The author also fails to recognize one of the main differences between the Spanish-speaking Caribbean and the English-speaking Caribbean. In the former, as in most territories elsewhere in Latin America, the wars of independence were catalysts for the formation of national identities. Moreover, even though most Caribbean territories had a similar background of plantation economy This article or section may deal primarily with the U.S. and may not present a worldwide view. and thus slavery, absentee British planters had no interest in cultural development, whereas in the Spanish territories academic institutions and a network of literary periodicals accounted for the early formation of a Creole population whose views and interests were, necessarily, different from those of their metropolitan counterparts. In fact, many white Creole landowners had economic interests that promoted an early drive for the abolition of slavery. Notably, Carlos Manuel de Cespedes freed his slaves so that they could fight for Cuban Independence, and from the very beginning ex-slaves fought alongside their former masters in the independence army. In the Ten Years War Ten Years War, 1868–78, struggle for Cuban independence from Spain. Discontent was caused in Cuba by excessive taxation, trade restrictions, and virtual exclusion of native Cubans from governmental posts. , it was a mulatto man of very humble origin who commanded the army in the tactically decisive "Invasion de Oriente a Occidente," General Antonio Maceo. Together with Jose Marti and the Dominican Maximo Gomez, he is considered one of the national heroes of Cuban Independence and one of the international heroes of the Americas.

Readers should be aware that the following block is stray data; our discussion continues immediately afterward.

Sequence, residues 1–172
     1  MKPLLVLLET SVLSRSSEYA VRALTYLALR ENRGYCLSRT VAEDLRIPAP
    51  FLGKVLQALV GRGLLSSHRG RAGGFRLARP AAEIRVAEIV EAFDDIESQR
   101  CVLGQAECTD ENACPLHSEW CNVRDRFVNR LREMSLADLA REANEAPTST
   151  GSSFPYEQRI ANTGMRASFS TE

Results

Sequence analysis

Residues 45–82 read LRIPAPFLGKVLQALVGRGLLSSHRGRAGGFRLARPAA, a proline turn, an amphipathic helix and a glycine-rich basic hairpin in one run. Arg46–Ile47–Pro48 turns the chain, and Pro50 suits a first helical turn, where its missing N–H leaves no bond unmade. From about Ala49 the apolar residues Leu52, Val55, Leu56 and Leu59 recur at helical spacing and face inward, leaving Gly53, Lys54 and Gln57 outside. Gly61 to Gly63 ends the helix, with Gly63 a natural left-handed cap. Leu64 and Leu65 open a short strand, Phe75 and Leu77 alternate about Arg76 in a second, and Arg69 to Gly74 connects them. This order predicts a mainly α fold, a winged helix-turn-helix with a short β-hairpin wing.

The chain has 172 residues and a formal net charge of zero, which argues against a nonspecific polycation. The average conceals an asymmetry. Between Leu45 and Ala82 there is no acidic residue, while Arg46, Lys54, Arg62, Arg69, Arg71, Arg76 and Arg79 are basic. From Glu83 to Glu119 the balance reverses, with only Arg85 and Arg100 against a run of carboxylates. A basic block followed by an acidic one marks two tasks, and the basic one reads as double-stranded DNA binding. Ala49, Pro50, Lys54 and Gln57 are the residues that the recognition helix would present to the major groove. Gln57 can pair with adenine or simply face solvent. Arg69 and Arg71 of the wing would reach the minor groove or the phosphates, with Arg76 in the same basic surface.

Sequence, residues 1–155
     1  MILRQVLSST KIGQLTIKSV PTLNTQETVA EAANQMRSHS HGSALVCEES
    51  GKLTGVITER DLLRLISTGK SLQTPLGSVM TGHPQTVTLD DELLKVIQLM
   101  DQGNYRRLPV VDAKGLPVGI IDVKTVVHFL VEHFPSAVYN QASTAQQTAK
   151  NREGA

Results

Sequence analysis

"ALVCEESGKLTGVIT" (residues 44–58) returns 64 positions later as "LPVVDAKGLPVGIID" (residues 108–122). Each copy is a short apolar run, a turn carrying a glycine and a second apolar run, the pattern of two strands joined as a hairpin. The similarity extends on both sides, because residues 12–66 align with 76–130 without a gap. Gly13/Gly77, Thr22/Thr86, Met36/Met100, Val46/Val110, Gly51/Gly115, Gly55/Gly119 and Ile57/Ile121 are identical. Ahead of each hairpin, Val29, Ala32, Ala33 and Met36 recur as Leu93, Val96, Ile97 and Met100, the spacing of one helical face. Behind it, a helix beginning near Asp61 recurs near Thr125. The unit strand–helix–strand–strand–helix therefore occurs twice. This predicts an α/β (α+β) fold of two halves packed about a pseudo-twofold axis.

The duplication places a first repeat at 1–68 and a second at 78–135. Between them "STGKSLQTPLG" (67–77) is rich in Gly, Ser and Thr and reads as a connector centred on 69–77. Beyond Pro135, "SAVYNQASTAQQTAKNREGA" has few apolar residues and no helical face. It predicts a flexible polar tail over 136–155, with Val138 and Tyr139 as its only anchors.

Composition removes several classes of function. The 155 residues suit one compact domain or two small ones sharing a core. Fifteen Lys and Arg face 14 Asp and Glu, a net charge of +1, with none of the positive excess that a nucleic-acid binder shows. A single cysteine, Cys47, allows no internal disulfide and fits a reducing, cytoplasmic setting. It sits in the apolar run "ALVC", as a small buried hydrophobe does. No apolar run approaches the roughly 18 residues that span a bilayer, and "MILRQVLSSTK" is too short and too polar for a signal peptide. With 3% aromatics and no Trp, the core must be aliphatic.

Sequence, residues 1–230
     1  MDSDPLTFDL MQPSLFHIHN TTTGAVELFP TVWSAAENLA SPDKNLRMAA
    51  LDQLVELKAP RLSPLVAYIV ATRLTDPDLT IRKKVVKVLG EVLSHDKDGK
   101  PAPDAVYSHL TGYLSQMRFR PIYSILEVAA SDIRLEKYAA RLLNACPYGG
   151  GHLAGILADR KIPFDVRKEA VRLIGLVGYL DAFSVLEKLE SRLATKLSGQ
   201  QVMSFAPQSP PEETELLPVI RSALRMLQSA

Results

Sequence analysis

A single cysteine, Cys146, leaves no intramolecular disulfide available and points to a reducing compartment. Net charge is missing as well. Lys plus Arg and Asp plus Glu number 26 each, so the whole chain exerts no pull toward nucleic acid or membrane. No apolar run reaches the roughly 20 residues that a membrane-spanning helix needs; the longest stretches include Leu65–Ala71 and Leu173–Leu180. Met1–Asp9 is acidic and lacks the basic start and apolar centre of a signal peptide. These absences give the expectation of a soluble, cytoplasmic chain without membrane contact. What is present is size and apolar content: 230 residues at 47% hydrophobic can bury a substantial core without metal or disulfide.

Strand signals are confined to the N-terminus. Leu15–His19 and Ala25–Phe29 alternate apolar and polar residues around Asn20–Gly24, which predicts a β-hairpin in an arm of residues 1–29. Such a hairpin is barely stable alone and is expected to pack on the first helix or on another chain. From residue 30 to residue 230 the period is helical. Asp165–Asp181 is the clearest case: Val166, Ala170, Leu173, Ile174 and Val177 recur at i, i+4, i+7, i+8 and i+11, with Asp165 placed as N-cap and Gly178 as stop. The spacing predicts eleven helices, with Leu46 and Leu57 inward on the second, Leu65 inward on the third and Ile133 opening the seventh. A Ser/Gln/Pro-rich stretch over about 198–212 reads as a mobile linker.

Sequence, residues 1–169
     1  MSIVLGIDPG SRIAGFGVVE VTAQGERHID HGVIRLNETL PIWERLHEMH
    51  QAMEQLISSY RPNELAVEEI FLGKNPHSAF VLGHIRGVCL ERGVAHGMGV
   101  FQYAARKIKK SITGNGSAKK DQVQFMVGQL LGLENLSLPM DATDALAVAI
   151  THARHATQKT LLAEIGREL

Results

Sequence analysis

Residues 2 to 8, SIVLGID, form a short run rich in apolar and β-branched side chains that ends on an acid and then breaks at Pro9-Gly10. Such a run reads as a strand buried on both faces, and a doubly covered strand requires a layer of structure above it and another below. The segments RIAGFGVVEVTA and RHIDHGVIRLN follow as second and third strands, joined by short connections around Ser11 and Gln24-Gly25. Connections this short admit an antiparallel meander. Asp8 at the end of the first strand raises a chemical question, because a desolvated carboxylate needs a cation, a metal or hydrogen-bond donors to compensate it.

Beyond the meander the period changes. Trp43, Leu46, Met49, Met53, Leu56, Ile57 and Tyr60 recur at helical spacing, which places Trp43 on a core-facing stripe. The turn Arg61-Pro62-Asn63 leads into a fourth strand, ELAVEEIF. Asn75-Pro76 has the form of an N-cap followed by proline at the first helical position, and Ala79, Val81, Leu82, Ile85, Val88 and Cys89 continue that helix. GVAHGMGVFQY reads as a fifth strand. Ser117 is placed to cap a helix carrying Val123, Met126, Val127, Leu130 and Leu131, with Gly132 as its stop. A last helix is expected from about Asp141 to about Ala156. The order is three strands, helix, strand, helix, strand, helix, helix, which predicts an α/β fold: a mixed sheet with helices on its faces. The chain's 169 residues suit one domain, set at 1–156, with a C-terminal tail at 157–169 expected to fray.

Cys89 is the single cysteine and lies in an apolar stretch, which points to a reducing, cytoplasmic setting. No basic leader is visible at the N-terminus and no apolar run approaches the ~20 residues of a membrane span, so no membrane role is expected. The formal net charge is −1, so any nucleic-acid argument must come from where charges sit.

While it is undeniable that there was--and still is--racism in the Spanish Caribbean, social and historical factors contributed to the formation of a nationality of mixed origins. The prevailing ideology of that society was necessarily different from that of other Caribbean territories that gained their national independence years later. To equate the social and cultural phenomena of both is as misleading as to equate the literature of any of those islands with Haitian literature, born in the first black-governed country of the Western hemisphere.